John Pope (1770-1845) served from 1829 to 1835 as the third territorial governor of Arkansas. He had been elected senator from Kentucky from 1807 to 1813. A brother-in-law of John Quincy Adams, he nevertheless supported Andrew Jackson in 1824 and worked vigorously for his election in 1828. His political “spoils” came in the form of the governorship to fill the unexpired term of Geoge Izard and subsequent reappointment to a full term. A proponent of internal improvements and transportation, he became embroiled in a controversy over road and other public contracts immediately upon his arrival in Arkansas and found a fierce political enemy in Robert Crittenden, the territorial secretary who had acted as governor between Izard’s death and Pope’s arrival. After his term as governor, Pope moved to Kentucky where he was elected as a Whig to three terms in the U. S. House of Representatives. Pope served as governor during Choctaw removal and the early part of Creek removal.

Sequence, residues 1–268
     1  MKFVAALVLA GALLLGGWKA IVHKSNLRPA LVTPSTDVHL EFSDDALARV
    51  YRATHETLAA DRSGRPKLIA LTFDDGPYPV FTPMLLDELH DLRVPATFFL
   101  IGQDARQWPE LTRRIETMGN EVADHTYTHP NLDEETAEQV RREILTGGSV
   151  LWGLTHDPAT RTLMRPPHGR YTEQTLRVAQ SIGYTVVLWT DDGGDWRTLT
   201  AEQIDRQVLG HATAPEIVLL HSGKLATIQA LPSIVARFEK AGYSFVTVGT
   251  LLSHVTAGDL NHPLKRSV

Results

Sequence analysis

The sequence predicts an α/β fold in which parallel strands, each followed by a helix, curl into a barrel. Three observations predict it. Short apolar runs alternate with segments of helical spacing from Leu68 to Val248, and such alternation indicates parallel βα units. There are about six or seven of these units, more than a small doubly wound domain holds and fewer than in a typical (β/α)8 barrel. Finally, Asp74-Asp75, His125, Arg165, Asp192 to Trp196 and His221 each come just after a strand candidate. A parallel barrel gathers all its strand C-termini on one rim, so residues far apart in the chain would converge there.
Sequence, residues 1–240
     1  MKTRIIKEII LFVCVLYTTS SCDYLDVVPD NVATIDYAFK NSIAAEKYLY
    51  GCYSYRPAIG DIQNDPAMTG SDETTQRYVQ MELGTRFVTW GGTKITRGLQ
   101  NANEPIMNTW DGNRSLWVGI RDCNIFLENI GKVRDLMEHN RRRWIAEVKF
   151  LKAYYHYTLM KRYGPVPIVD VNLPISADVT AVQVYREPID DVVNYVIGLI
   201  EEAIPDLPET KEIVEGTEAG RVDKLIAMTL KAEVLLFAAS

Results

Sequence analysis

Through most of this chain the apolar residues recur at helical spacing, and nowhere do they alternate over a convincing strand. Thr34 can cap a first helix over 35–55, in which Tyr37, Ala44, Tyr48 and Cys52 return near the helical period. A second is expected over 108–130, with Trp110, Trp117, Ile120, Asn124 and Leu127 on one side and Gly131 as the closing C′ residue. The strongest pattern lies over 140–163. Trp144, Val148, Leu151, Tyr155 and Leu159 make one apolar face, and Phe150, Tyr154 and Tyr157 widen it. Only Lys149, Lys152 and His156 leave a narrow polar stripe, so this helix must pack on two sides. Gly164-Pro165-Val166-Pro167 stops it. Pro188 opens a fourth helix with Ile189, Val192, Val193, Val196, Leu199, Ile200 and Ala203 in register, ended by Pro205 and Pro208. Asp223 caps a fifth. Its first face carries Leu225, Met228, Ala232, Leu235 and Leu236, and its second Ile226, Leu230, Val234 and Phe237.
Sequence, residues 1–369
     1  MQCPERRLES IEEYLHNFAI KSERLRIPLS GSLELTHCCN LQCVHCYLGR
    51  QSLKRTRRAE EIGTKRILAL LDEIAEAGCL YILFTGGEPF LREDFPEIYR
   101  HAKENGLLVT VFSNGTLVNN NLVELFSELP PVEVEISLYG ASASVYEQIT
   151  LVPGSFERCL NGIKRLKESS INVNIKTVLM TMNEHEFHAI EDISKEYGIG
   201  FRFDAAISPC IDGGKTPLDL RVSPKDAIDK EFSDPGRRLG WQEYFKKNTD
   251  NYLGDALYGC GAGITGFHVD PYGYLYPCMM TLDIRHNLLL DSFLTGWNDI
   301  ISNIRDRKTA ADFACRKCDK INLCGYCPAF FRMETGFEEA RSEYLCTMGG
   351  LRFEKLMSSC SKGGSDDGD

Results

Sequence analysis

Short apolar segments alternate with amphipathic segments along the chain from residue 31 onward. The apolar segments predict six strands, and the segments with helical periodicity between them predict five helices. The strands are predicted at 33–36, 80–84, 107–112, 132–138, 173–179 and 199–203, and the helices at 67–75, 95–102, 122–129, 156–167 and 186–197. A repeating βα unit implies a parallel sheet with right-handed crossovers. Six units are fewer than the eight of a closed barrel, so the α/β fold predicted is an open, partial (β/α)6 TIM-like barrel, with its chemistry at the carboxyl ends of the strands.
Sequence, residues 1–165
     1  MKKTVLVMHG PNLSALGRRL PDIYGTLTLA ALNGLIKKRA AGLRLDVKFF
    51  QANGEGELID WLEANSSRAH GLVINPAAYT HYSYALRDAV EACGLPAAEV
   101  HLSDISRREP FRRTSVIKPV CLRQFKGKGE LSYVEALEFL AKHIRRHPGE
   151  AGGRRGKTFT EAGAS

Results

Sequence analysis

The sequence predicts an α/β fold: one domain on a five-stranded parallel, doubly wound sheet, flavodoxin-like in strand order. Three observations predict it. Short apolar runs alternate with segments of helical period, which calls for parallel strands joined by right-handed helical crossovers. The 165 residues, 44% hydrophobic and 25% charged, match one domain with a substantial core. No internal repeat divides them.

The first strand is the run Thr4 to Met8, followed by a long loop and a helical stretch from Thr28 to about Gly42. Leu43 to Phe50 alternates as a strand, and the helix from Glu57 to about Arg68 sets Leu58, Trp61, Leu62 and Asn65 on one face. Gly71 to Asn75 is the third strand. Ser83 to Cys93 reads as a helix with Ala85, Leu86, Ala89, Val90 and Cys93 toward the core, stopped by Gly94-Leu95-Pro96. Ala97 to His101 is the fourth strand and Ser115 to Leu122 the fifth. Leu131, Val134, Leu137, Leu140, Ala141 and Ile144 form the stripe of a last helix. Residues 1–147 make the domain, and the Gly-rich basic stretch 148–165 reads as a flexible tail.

Source: The National Cyclopaedia of American Biography (New York: James T. White & Company, 1909), 10: 184; Appletons’ Cyclopaedia of American Biography (New York: D. Appleton and Company, 1894, 5: 68.